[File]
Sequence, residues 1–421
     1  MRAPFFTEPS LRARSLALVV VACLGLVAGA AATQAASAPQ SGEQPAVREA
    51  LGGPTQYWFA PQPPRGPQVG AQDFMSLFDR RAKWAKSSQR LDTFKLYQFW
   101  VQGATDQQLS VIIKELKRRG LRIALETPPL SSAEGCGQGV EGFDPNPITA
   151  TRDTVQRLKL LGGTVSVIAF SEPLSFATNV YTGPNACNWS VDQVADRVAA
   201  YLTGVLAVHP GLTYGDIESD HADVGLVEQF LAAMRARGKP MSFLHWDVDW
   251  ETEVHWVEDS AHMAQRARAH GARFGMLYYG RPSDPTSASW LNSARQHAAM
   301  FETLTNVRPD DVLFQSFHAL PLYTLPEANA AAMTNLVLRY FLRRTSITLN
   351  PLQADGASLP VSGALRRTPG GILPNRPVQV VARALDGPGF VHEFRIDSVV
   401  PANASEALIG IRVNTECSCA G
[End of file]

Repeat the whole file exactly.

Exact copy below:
Sequence, residues 1–421
     1  MRAPFFTEPS LRARSLALVV VACLGLVAGA AATQAASAPQ SGEQPAVREA
    51  LGGPTQYWFA PQPPRGPQVG AQDFMSLFDR RAKWAKSSQR LDTFKLYQFW
   101  VQGATDQQLS VIIKELKRRG LRIALETPPL SSAEGCGQGV EGFDPNPITA
   151  TRDTVQRLKL LGGTVSVIAF SEPLSFATNV YTGPNACNWS VDQVADRVAA
   201  YLTGVLAVHP GLTYGDIESD HADVGLVEQF LAAMRARGKP MSFLHWDVDW
   251  ETEVHWVEDS AHMAQRARAH GARFGMLYYG RPSDPTSASW LNSARQHAAM
   301  FETLTNVRPD DVLFQSFHAL PLYTLPEANA AAMTNLVLRY FLRRTSITLN
   351  PLQADGASLP VSGALRRTPG GILPNRPVQV VARALDGPGF VHEFRIDSVV
   401  PANASEALIG IRVNTECSCA G